You can use bone broth as stock for your favorite soups or gravies (or even serve it as a refreshing broth). It’s so nutritious and easy to make.
The days are growing colder here in the Northeast, and winter is nearly upon us. That means it’s also nearly cold and flu season. Drinking a steaming mug of beef bone broth is a wonderful way to strengthen your immune system during these months.
In fact, bone broth is such a wonderful health-boosting food that my family and I love drinking it year round. Today, I’ll be sharing several of its amazing health benefits as well as step-by-step instructions for how you can make your own nourishing bone broth.
What is bone broth?
I made this bone broth with grass fed beef bones (you can substitute with any kind of bones, even chicken bones). It is preferable to use bones from joints that still have some soft tissue attached like tendons or cartilage.
In this recipe I used a combination of bones from a local supplier in upstate New York and bones that I saved from previous meals. If you’re not in New York, you can purchase grass fed bones from US Wellness Meats or you may be able to locate a local farm in your area at this site.
I use a slow cooker when making my bone broth. (If you’re looking to invest in a high-quality slow cooker, I recommend this one by Hamilton Beach).
Along with the roasted bones, I add vegetables, herbs, water, and vinegar and allow them to cook for at least 24 hours. This allows the bones and connective tissue to be broken down, releasing a bevy of nutrients and minerals. The resulting broth packs a powerful nutritional punch.
Benefits of bone broth
Here’s why you should be drinking bone broth:
It starts with collagen
The bones that the broth is made from are not only rich in calcium, magnesium, potassium, and phosphorus, but they are also packed with collagen. Collagen is the main protein matrix of the bones and connective tissue. When selecting bones for your broth, try to obtain ones that still have a lot of connective tissue attached. This greatly increases the protein content of the bones. Bones coming from the joints of pasture-raised animals are excellent for this. Once the bones are boiled in water, the collagen will turn into gelatin.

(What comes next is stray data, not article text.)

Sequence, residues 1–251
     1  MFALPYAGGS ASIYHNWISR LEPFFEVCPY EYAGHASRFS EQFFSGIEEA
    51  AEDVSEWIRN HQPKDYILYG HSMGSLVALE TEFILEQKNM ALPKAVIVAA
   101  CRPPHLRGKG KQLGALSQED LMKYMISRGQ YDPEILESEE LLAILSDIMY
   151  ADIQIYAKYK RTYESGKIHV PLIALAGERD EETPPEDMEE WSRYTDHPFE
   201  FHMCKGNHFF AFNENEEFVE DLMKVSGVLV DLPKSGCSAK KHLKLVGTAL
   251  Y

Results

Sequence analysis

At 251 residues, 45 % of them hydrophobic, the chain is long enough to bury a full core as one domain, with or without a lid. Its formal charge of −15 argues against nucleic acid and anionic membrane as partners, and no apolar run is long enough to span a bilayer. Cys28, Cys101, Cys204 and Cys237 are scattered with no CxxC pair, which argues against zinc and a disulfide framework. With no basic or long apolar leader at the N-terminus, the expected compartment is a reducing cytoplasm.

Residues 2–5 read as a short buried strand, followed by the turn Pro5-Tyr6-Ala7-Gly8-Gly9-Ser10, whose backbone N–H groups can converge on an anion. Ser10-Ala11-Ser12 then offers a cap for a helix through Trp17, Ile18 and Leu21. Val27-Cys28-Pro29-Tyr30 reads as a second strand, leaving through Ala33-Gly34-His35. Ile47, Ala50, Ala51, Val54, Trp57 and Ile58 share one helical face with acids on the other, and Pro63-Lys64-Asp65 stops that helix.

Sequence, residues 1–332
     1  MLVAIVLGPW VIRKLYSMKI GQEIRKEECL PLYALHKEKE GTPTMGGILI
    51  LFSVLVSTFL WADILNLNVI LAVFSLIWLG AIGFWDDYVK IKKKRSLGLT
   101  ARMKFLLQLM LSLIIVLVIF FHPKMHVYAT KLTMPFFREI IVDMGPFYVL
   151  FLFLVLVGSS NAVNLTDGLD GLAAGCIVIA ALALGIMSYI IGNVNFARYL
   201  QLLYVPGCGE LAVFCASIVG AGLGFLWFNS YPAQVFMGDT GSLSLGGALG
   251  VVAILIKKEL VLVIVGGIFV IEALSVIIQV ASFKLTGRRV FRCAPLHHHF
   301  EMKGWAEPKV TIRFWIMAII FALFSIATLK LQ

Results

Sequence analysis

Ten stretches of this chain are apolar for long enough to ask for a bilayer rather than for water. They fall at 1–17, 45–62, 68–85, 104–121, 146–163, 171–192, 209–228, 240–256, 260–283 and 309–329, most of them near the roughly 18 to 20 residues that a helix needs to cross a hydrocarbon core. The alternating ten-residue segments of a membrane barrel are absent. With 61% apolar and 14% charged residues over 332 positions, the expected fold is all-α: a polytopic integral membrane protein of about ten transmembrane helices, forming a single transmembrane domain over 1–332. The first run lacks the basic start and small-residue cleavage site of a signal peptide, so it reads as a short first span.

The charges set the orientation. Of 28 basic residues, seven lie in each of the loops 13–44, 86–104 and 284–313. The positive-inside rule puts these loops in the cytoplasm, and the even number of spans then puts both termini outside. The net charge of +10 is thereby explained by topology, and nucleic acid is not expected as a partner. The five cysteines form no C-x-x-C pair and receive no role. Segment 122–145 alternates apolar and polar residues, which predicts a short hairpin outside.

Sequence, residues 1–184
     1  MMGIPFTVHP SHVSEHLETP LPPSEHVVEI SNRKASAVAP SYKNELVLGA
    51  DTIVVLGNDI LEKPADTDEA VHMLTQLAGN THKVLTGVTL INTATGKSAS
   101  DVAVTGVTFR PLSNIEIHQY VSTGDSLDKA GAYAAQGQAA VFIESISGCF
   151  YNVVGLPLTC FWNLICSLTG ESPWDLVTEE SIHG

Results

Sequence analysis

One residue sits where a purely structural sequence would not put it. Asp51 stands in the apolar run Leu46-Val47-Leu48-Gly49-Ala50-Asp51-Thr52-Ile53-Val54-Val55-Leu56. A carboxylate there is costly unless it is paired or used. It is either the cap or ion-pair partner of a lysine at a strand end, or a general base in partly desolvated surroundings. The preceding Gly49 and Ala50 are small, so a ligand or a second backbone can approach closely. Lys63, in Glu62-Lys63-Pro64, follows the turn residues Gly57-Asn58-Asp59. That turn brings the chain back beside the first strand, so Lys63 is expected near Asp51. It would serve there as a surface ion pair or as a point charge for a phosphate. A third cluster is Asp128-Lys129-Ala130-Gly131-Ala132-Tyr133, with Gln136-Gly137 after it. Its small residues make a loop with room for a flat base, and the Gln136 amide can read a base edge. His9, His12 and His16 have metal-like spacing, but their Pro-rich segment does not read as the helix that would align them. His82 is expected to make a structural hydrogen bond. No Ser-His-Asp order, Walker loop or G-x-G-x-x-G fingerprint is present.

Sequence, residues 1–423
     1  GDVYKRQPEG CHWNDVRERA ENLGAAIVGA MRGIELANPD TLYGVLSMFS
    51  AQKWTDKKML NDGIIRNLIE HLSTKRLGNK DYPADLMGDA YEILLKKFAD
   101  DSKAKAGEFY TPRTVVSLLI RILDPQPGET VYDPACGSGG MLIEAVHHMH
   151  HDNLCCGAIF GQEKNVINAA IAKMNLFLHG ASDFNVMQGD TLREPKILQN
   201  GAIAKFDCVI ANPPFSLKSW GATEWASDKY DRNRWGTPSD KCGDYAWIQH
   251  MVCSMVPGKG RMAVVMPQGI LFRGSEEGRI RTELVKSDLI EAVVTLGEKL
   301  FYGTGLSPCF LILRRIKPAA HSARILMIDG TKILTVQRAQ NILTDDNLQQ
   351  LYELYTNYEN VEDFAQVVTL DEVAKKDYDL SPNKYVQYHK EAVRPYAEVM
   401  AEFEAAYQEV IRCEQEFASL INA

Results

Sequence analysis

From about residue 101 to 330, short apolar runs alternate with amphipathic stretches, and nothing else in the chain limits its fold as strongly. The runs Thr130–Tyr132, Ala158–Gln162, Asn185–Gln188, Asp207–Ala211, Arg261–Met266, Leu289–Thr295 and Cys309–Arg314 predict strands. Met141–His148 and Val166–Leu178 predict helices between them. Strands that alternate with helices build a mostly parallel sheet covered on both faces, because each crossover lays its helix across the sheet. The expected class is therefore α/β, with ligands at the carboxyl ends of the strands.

Gelatin: the glycine-proline combination
When your broth is finished simmering in the slow cooker, it should have a gelatinous texture. This is gelatin. Gelatin is not a complete protein. It does not contain all the necessary amino acids. It does, however, contain two very important non-essential amino acids: proline and glycine.
Glycine and proline are considered non-essential amino acids because the body can make it’s own supply of these amino acids. It could be argued that since the body makes proline and glycine, these are not needed from bone broth. However, when the body is experiencing stress, immune suppression, or inflammation (think osteoarthritis), it is probable that the body needs more of the non-essential amino acids.
Why we need glycine and proline
Over 90% of collagen in the human body is found in skin, tendons, ligaments and organs. It is also abundantly found in cartilage and blood vessels.
Glycine and proline make up about 1/3 each of the collagen in our bodies. In a sense, they are the raw materials needed to maintain healthy bones, joints and skin (including nails). Sufficient quantities of both amino acids are thus necessary for repairing damaged tendons, ligaments and cartilage (think of tendonitis and osteoarthritis).
A small study showed that rheumatoid arthritis patients administered chicken collagen experience dramatic improvement with four cases of complete remission. This article from Paleo Leap points out, “The amino acids in gelatin also improve the appearance of your skin and hair. Skin, just like gelatin, is made of collagen. Gelatin-rich broths help build connective tissue, which makes skin smoother (less cellulite, fewer wrinkles) and healthier.”
Further benefits of glycine
Adequate glycine levels provide even more health benefits for the body:
1. Glycine aids in digestion: Studies have shown that glycine stimulates the secretion of gastric acid. Many people suffering from acid reflux may actually be suffering from not enough acid in their stomach. Because of low stomach acid, food may remain in the stomach, and then pressure from the stomach could push food and acid into the esophagus causing pain. See here. The glycine in bone broth may help in this situation by promoting increased gastric acid. Glycine is also a component of bile salts which are necessary for fat digestion. If you are on a low carb high fat diet, this will make digestion a lot more pleasant.
2. Glycine aids in detoxification: Glycine is necessary for the formation of the important antioxidant glutathione.
3. Glycine also lowers the amount of methionine in your body. Methionine is an amino acid contained in large amounts in eggs and red meats. Too much methionine can raise the levels of another amino acid homocysteine. In the process of breaking down homocysteine the body uses B vitamins. Too much methane may eventually cause a deficiency in B vitamins. Increased glycine helps to eliminate the imbalance.
4. Glycine is also believed to be supportive of liver function. This also aids in the detoxification process.
5. Glycine supports gluconeogenesis – Glycine is essential to the synthesis of glucose from amino acids (protein) during times of fasting, and therefore affects the stabilization of blood glucose levels.